Which aspect of your work makes you most proud? Can you explain or give a story?

When we first screened Songbirds publicly, in our Chattanooga premiere, I had a dad reach out to me and tell me that he brought his two sons to the premiere and that they were so inspired by the film that they went home and found their grandfather’s old guitars and started to learn to play. That is exactly why I am a storyteller and filmmaker. That’s what Christopher Reeve and The Beatles did for me as child. Mostly though, it is seeing my children’s faces when they see me winning an award or receiving recognition for my achievements. My children are the inspiration for everything I do and my goal is for them to witness me achieving my dreams through my actions in an effort to inspire them to do the same.

Ok super. Here is the main question of our interview. What are your “5 things I wish someone told me when I first started” and why. Please share a story or example for each.

That’s a hard one … But I wish I had heard these words in my journey …

  1. Own your mistakes, they make you wiser if you recognize they are mistakes. I believe that a true professional knows how to take a mistake or bad decision and turn it into an opportunity for growth. I’ve made some boneheaded decisions that I would later come to regret. Most of them involved being a control freak and doing everything myself. At one point, I was running a production set with three cameras, two mic feeds and lights all by myself because I was the only person who I thought truly knew how I wanted it to look and sound. Barf! The result was me botching the audio feed which resulted in me paying for a total reshoot two weeks later In that moment, I learned that I needed a team and that success is only acheived in trusting your teammates!
  2. Be prepared to spend money … A lot of money! I wish someone would have told me two years ago how expensive it is to make a quality movie. Holy crap! Do I have the benefit of my own production house? Yes! However, I had no idea how much attorney fees would be or insurance, PR and marketing, festival costs, sales agent retainers, paying people for permission to use their photos, etc. Dude, this stuff is expensive!! I’m wiser now and know to have those funds together and ready to go.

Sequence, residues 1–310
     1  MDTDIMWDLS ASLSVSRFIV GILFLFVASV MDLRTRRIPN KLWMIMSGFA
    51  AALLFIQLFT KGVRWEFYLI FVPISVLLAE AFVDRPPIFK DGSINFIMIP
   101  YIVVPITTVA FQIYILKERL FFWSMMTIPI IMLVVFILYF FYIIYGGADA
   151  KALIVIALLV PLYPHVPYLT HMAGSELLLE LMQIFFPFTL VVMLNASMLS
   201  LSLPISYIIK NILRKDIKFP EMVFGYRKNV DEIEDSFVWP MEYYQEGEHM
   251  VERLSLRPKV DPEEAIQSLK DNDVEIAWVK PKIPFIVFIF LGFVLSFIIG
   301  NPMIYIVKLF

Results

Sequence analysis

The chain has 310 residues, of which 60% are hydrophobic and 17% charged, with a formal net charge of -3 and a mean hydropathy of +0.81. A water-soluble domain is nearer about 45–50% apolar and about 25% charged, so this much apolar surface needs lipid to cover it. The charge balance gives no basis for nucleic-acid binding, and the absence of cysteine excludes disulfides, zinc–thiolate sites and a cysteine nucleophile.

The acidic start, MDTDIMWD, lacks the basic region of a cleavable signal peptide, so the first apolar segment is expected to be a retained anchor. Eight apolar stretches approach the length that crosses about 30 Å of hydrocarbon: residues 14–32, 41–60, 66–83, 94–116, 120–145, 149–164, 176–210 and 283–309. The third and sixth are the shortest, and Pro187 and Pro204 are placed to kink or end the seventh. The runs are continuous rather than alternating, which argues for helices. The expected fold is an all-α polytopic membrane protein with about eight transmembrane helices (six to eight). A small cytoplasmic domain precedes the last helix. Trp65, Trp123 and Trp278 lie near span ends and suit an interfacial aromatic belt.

3. Over charge for your services. You are worth it. I could have used more guidance about what I was charging my corporate clients for production services. If someone had told me that if your clients trust and depend on you and realize that you have unique knowledge and insights about how to present their product/brand, they would pay whatever it took for peace of mind and knowing that my team had their video projects handled. Instead, I took every job I could get and lowballed the budget out of fear I wouldn’t get the gig. At some point, I learned that I was worth more and if they weren’t willing to pay what my services and quality were worth, then I didn’t need them as a client. I took a stand and for about six months my bank account ran dry. But suddenly, the high roller call began to come in as a result of the effort made pitching my services to the right, high-level clientele during that time. The result was me being able to afford to fund my own film projects. Heh-heh.
  4. Just because you don’t get into your dream festival, doesn’t mean your film is crap. Wow, this was brutal. The festival circuit has a way of criticizing you without actually criticizing you. As a filmmaker, we spend so much time staring into our film project that we become numb to it and its message. A lot of times we second guess ourselves and think our work is a bunch of poo. When that Film Freeway email comes in, from the festival that you spent so much time campaigning, and tells you that they “regret to inform you” … Nothing stings worse! I wish someone would have prepared me for that emotional rollercoaster. However, I’ve since learned that these festival programmers are simply picking films that they believe will play best for their geographical audience and that your film isn’t a pile a steamy crap!. There are festivals made for your film project. You just have to find them.